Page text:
In his timely work, The Firebugs, Swiss playwright Max Frisch tells the distressing story of Gottlieb Biedermann, a cautious businessman who contends with an epidemic of arson by implementing a deadly series of self-deceptions. Ultimately, Biedermann invites the arsonists into his home, lodges them, feeds them a sumptuous dinner, and even provides them withmatches. Not surprisingly, the play ends, for Biedermann, on an incendiary note. It also ends, predictably, with a pathetic and revolting disclaimer from an academic "expert" who has counseled appeasement all along.
There is an enormously important lesson here for present-day Israel. Faced with an epidemic of "arson" from militant Islamic terrorists, Jerusalem has responded exactly like the playwright's weak and foolish character. Asking the terrorists into Israel's very "home," because it believes that entreaty and capitulation are preferable to courage and struggle, the Government of Israel, too, is prepared even to help light the fuse. Pretending that Hamas and P.L.O. are truly distinct and discrete - a delusionary pretense that fits comfortably with the simple polarities favored by so many Israeli experts, professors and pundits - Messr. Peres now looks to his "Palestinian partners" for Israel's security and survival. It should come as a surprise to no one, therefore, that arson has become a growing problem for Israel.
To a significant extent, the terrible harm that has been done by Peres is done and cannot be undone. Indeed, by creating the conditions whereby each successive act of anti-Israel terrorism now compels the Government to reaffirm its commitment to the Peace Process, Peres has created a lose-lose scenario. Should he begin to back off from such explicit reaffirmations, all those who have set out to destroy the Process will have succeeded. Should they maintain such reaffirmations, the steady "progress" of the Process will ensure only escalating levels of terror, of fatal or near-fatal forms of "arson."
What, then, should be done? It is time to be frank! This Peace Process was destined to fail. Founded upon a series of false assumptions and incomprehensibly unreasonable expectations, it is leading Israel toward unprecedented disaster. Taken together with ongoing and still planned surrenders of vital territories to enemy states (yes, "enemy" states, regardless of linguistically formal "peace agreements" signed with Israel), further concessions to Hamas/P.L.O. will threaten the Third Temple itself.
If I am correct, and the well-publicized distinctions between Hamas and P.L.O. are essentially false - a deliberate contrivance of both groups designed to weaken Israel from within - then Jerusalem's "Palestinian partners" (the obscene term used by the Government Spokesman only minutes after the Tel-Aviv bus bombing) are already at the fuse. As long as the Peace Process is sustained, the P.L.O. will make it impossible for Israel to do what is needed to survive. If, on the other hand, I am wrong, and Hamas is truly separate in every way from P.L.O., the dangers of the Process may be just as serious. This is because, if I am wrong, a Palestinian state created by P.L.O. would inevitably be taken over and directed by Hamas or its Islamic equivalents. There is no way, in the current Middle East, that a secular Palestinian authority could endure. Either way, therefore, Israel loses.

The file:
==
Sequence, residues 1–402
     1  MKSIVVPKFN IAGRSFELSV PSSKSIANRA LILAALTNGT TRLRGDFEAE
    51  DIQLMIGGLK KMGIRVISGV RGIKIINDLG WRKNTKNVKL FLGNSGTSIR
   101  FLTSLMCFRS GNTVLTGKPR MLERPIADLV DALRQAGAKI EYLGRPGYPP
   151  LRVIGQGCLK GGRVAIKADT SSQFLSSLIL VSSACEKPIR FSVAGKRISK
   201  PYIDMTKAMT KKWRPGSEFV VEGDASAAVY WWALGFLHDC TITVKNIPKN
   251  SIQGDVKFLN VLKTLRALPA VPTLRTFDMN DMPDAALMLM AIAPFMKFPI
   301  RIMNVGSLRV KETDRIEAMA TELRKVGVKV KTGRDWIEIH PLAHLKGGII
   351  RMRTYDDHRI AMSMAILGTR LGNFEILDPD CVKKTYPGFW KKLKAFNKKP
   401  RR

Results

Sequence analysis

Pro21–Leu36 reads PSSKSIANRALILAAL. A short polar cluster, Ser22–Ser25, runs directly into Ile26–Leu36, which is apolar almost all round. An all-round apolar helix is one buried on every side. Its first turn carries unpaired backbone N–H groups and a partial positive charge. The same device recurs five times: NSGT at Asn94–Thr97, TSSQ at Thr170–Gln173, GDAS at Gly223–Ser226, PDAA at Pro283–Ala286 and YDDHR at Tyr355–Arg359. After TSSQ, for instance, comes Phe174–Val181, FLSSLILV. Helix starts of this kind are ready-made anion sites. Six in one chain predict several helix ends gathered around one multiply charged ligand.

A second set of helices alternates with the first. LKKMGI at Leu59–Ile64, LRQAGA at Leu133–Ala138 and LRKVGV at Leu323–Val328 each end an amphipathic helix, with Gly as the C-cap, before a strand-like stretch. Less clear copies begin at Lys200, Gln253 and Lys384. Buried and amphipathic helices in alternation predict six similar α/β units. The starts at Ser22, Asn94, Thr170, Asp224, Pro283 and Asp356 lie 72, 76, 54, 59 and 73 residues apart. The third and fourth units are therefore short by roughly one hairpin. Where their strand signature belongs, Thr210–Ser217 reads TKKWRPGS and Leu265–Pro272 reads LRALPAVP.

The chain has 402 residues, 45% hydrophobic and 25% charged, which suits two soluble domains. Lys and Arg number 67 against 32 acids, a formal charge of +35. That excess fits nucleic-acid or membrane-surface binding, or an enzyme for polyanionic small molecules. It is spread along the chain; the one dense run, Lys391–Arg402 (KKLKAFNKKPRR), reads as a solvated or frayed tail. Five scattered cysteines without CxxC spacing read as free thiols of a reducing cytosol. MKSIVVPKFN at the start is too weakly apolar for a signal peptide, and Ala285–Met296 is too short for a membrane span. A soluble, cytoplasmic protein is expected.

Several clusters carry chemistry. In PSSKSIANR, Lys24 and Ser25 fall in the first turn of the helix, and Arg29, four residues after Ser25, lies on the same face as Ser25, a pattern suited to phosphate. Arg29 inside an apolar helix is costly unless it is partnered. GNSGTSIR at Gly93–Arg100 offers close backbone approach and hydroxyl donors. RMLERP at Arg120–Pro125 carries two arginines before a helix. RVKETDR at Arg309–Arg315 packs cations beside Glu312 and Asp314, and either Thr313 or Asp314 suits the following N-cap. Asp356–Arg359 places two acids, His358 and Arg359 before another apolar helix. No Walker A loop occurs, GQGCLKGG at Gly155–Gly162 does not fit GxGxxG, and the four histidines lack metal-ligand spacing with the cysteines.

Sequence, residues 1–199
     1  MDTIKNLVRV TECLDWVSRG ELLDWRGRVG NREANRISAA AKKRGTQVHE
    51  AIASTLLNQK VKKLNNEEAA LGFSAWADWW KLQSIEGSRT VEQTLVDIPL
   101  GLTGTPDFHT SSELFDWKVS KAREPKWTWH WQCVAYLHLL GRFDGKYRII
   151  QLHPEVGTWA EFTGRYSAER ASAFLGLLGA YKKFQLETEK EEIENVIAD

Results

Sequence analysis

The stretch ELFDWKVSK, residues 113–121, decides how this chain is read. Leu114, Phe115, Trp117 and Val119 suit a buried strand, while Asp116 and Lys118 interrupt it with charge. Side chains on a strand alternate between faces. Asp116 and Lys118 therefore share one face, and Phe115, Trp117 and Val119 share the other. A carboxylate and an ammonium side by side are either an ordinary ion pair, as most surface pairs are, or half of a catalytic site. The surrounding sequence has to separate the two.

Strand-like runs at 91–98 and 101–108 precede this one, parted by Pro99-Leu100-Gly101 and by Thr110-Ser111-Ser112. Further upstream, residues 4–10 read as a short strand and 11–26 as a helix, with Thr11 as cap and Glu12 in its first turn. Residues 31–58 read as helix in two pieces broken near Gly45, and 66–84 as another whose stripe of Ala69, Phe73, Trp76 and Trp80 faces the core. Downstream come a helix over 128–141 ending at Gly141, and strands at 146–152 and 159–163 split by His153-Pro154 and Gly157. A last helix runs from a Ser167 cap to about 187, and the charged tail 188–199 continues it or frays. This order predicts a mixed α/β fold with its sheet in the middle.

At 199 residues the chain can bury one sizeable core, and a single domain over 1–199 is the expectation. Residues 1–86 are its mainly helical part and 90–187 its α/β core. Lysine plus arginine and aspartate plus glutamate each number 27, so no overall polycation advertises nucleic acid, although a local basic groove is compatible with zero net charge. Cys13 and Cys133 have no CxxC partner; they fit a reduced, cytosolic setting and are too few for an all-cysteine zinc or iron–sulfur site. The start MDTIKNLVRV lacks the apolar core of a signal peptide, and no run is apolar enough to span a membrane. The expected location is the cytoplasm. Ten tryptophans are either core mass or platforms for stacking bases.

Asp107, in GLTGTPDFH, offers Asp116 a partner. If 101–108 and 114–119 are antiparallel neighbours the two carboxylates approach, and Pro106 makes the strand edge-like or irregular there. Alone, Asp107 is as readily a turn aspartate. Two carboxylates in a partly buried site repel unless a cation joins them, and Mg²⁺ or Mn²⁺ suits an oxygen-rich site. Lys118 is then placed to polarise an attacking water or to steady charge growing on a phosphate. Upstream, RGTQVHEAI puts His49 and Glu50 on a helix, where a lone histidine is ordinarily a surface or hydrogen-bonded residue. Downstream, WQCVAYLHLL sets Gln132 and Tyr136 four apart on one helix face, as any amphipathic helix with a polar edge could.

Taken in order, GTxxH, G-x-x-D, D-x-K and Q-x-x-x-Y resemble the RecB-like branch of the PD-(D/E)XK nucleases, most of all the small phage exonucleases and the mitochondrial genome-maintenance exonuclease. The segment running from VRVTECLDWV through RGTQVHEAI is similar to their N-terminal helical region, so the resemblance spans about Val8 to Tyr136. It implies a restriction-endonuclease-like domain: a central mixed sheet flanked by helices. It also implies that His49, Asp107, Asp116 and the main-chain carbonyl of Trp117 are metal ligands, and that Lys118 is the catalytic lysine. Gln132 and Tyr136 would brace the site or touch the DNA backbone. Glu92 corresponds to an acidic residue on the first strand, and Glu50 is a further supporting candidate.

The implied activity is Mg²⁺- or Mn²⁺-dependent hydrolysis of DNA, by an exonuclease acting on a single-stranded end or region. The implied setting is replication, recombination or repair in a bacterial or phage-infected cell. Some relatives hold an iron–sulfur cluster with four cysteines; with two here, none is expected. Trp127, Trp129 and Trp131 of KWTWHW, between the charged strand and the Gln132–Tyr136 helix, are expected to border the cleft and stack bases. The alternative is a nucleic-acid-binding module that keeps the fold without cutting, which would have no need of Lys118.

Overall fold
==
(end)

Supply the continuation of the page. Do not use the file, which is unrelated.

Most likely, Hamas/P.L.O. offers Israel a "good cop/bad cop" routine. Cast as the good cop, Arafat and his P.L.O. promise to protect Israel if only the Jewish State offers them its confidences. With such an offering, Peres is instructed, the far more menacing Hamas can be kept safely at bay. It is an offer that Israel, imprisoned by the Peace Process, now can't refuse. Only later, when perhaps it is already too late to turn back, Peres will discover that the two cops were working together, that he has been "had."
None of this is meant to suggest that the two "cops" necessarily know that they are cooperating against their prisoner. There is nothing necessarily conspiratorial in their cooperation. For those who have already concluded that I am incorrect in this metaphor, kindly consider this: Hamas/P.L.O. cooperation can be just as injurious to Israel's survivalwhere it is tacit and unintentional as where it is explicit and deliberate. Even if Hamas and P.L.O. have very different agendas, and even if each terror group views the other as an authentic competitor, they may well recognize, openly or inadvertently, the overriding benefits of cooperation.
At the end of The Firebugs, in the closing moments of the play, as the sky reddens from fire, the all-too-familiar "professor," the expert, exclaims:
"I can no longer be silent. Cognizant of the events now transpiring, whose evil nature must be readily apparent, the undersigned submits to the authorities the subsequent statement../..../..(Amid the shrieking of sirens, he reads an involved statement, of which no one understands a word. Dogs howl. Bells ring. There is the scream of departing sirens and the crackling of flames. The Professor hands Biedermann a paper.) I disassociate myself!"
There is a very important lesson here for Israel. The Jewish State must cease immediately to arm the arsonists. The citizens of Israel should read immediately The Firebugs. This play should be required reading for all these citizens, and very, very soon!
LOUIS RENE BERES (Ph.D., Princeton, 1971) is a Professor Department of Political Science, Purdue University happens to be a professor, but is assuredly not an "expert." He was also born in Switzerland, in Zurich, hometown of the playwright Max Frisch.